Registration request for new subtag

HMRD Cesidio Tallini ct at
Tue Sep 23 22:55:36 CEST 2014

To John Cowan:

The UMMOA has rejected the (wholesale) en-GB regional variety of English
recently, since banksters (those who think private profit is fine, but also
socialised losses, and that is capricious logic at best) are beginning to
limit our ability to speak, and this after they have taken away most of our
wealth, so the UMMOA will no longer use the en-GB variety acritically.

Here is the historical reference to when the UMMOA began to distance itself
from wholesale use of the en-GB, and this, I believe, is only one of the
reasons why we propose (and more than propose) a new regional variety of
English (if it can be called "variant", that would be fine, as we do not
live in any specific region other than *Terra Firma*):

The UMMOA has rejected the en-GB-oed as well. Here is a reference to the
"OED", compared with other English orthographies:

The en-GB-oed is not really a regional variety of English, but an attempt
(failed, in my view) to design a global form of English. In fact, it is
preferred by the United Nations, and the banksters that absolutely love
them. The en-GB-oed is a variant of English which is sufficiently polite to
those who prefer the en-US regional variety, and the UMMOA has rejected
this variety from the very beginning, so I will not try the OED, or your

I hope that if "King Michael I" (I imagine that this is the "Michael
Everson" that Doug Ewell mentions, but I do not really know for sure) has
vetoed our UMMOA English request wholesale, that he will express that
decision/resolution himself, and take responsibility for it, like real
monarchs do (and unlike presidents).

To Doug Ewell:

UMMOA English is more than just specialised jargon, since the new terms are
more than just political in nature. UMMOA English also has new religious
terms, like *merodepantheism*; new geographic terms, like *Winnecomaq*; new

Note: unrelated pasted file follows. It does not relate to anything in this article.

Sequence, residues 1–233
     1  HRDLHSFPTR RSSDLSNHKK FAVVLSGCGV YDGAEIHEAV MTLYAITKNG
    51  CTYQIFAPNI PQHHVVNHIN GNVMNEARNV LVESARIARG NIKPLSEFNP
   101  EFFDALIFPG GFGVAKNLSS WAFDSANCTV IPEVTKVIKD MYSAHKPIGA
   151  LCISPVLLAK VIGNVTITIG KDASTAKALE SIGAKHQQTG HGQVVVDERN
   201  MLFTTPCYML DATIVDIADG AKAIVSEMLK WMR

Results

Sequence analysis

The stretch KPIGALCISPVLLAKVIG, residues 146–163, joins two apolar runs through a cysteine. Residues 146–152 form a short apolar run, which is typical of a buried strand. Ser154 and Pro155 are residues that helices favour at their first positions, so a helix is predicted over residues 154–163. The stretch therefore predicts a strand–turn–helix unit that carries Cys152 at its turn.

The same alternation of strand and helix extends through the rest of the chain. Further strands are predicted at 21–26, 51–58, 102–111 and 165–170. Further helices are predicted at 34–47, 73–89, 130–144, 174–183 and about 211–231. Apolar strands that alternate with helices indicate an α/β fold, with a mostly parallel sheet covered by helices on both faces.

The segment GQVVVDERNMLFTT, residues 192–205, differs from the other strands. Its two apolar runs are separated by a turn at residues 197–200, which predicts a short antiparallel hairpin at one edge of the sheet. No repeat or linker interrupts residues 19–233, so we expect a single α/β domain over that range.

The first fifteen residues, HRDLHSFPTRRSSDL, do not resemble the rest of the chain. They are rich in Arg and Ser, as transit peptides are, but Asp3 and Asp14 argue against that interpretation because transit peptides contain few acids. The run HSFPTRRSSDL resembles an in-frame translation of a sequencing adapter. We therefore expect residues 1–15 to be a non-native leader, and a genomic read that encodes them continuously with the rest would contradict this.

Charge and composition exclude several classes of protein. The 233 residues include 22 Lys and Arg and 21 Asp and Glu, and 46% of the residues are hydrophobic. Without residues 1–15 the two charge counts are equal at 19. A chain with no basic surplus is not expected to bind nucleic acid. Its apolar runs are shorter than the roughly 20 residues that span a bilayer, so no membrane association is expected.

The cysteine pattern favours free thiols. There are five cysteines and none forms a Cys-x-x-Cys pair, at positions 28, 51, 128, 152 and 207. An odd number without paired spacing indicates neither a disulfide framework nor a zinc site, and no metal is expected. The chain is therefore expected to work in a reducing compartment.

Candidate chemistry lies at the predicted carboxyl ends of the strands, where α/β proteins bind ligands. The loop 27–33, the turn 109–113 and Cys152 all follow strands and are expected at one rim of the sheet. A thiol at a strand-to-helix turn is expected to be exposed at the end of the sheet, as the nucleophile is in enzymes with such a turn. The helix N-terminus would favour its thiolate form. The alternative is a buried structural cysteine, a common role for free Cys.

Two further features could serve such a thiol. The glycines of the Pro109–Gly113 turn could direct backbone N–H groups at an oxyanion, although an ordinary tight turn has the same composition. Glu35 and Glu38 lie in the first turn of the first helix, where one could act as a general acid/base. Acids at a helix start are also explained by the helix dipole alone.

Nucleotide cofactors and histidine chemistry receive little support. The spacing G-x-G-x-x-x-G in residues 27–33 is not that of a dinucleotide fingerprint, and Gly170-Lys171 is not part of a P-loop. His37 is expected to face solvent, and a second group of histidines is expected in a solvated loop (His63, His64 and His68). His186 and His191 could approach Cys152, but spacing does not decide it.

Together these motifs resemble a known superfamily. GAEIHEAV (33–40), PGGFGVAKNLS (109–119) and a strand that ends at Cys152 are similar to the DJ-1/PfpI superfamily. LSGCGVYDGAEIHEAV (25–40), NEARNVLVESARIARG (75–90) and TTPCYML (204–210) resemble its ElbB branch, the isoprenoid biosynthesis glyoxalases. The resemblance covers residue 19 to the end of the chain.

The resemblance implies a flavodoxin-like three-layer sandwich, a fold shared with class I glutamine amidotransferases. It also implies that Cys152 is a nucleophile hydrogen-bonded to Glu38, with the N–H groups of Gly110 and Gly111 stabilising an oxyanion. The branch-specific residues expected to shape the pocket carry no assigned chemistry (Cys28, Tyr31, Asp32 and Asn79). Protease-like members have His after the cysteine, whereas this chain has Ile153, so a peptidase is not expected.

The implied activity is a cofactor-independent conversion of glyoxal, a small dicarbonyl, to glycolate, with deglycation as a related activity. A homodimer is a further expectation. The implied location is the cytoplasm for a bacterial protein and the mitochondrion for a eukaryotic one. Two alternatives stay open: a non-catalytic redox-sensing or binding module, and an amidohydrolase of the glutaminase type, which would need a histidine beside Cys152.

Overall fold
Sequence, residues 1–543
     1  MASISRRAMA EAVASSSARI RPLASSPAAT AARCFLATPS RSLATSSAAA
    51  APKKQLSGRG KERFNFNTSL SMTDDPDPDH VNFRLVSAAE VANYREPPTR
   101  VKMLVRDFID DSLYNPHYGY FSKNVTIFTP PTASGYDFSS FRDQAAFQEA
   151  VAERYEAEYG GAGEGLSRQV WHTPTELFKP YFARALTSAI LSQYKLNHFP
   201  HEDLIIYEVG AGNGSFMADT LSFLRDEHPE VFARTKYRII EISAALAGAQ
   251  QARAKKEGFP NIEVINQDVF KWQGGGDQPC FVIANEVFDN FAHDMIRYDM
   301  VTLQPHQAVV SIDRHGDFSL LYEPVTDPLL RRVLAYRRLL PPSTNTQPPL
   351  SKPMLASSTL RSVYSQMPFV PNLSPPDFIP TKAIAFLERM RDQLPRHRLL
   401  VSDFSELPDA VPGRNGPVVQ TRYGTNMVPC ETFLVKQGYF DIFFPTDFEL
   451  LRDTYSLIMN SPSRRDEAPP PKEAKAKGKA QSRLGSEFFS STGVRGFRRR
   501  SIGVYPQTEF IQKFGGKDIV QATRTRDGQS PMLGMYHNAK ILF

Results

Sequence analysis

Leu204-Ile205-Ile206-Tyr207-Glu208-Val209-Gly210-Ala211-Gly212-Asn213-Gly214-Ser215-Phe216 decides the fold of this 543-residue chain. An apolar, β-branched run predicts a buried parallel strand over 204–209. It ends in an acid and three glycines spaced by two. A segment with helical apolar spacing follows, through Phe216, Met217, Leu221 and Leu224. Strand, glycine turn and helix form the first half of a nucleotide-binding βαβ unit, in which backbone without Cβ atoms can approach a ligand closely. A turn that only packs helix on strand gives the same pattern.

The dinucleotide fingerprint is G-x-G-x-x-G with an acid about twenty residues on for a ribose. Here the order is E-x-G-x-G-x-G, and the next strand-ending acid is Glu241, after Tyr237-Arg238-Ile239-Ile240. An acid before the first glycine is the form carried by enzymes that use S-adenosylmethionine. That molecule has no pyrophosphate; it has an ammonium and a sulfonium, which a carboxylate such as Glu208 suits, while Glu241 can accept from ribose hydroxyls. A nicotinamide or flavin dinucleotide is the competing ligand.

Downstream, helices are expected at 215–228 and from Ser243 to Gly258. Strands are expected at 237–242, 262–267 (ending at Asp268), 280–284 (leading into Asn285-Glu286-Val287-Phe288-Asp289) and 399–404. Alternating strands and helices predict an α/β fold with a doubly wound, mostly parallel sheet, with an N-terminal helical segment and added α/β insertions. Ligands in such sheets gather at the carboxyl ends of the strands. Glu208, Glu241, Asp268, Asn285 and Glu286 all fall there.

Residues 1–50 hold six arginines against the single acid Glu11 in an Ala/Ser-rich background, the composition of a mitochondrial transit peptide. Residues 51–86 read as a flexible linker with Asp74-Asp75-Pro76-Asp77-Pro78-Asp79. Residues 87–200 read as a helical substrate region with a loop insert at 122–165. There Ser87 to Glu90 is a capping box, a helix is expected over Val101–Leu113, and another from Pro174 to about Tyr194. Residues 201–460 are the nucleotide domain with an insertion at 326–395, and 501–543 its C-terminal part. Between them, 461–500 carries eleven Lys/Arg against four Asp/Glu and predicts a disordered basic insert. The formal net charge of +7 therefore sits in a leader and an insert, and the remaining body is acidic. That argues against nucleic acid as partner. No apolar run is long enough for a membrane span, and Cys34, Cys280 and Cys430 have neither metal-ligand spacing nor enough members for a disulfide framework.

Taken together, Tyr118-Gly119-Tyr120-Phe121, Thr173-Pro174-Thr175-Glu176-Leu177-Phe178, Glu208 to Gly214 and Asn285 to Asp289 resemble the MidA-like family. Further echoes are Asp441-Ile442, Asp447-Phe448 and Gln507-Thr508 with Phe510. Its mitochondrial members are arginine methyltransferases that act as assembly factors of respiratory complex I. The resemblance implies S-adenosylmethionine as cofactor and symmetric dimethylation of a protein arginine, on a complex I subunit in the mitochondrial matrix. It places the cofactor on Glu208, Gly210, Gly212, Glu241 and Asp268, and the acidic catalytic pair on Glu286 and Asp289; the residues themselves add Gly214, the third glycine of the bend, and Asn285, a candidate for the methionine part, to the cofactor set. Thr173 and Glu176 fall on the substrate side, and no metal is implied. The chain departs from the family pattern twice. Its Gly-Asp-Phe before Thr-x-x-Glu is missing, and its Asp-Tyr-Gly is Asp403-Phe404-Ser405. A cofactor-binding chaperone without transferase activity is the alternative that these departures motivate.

days of the week, months of the year (a new calendar form altogether); new
religious sacraments that are not Catholic (but should have been), etc. I
thus believe that UMMOA English is more that just a new field of human
endeavour, and encompasses the life of a global nation and society that is
highly tolerant even linguistically, and non-capitalistic/non-imperialistic
in its values. These intolerant, capitalistic, and imperialistic values are
the *ne plus ultra* of any modern regional variety of English currently
classified in any authoritative manner, so not only is UMMOA English
different, and sufficiently different to deserve to be defined with a new
English variant subtag, at the very least, but it is also the English form
of people with different values than the ones that are currently popular
(but with the global elites only, as few people realise, acknowledge,
and/or are willing to challenge/change).

If you wish to arbitrarily attack me for using my name in some of my
cultural creations, then I suppose that everyone should be attacked for
using theirs, but that isn't really a legitimate argument, or justification
for anything, as I have the right to use my name, and people in democratic
and/or tolerant societies don't usually lose that right before you, or
anyone else, so I believe that the problem with UMMOA English is less
strictly a linguistic problem, and more a problem of *very different values*,
perhaps even a *different value system*, as my value system is not an
imposed one, by some monarch, president, or New World Order, while the
values of most peoples are nothing but imposed values, having thus no real
scientific, philosophical, or ethical rationale of their own, since whether
these values are right or wrong was never questioned to begin with (another
word for that: dogma).

Again, I will accept Michael Everson's decision, when I actually read it,
but not capricious arguments that seem to place your values, or value
system, somehow above my own. Ultimately language is a reflection also of
human values, and the distinct human values comprising the global UMMOA
population deserve to be preserved with at least an English variant subtag,
I believe. I don't know if the comprehensive tag should be *en-gv*,
*en-ugv*, or *en-ummoa*. If any of these are rational and acceptable in any
way, I will welcome them. The UMMOA is more than "two letters on the
Internet", as *one of my previous articles
<>* stated, even proved in some
ways, so the UMMOA is not trying to be a state or country, and thus aping
any other inferior state or country, because in reality the UMMOA is a
*continent* already, albeit a very scattered and tiny continent.

Should the IESG (Internet Engineering Steering Group?), and/or Michael
Everson see things differently, then I will simply continue to develop
UMMOA English regardless, because current English forms are *dinosaurs*
anyway (you don't have to believe what I say, but I know I am right,
because the whole world, you see, is decaying/dying, and in many different
ways). Current English forms are the work of aping simians, not the
by-product of (rebellious) children of God.

Adam was indeed a child of God, not an ape who would not question the
"authority" of the other apparent ape with a big stick. Adam did not back
off even from God Almighty himself, in a small way, and he did not back off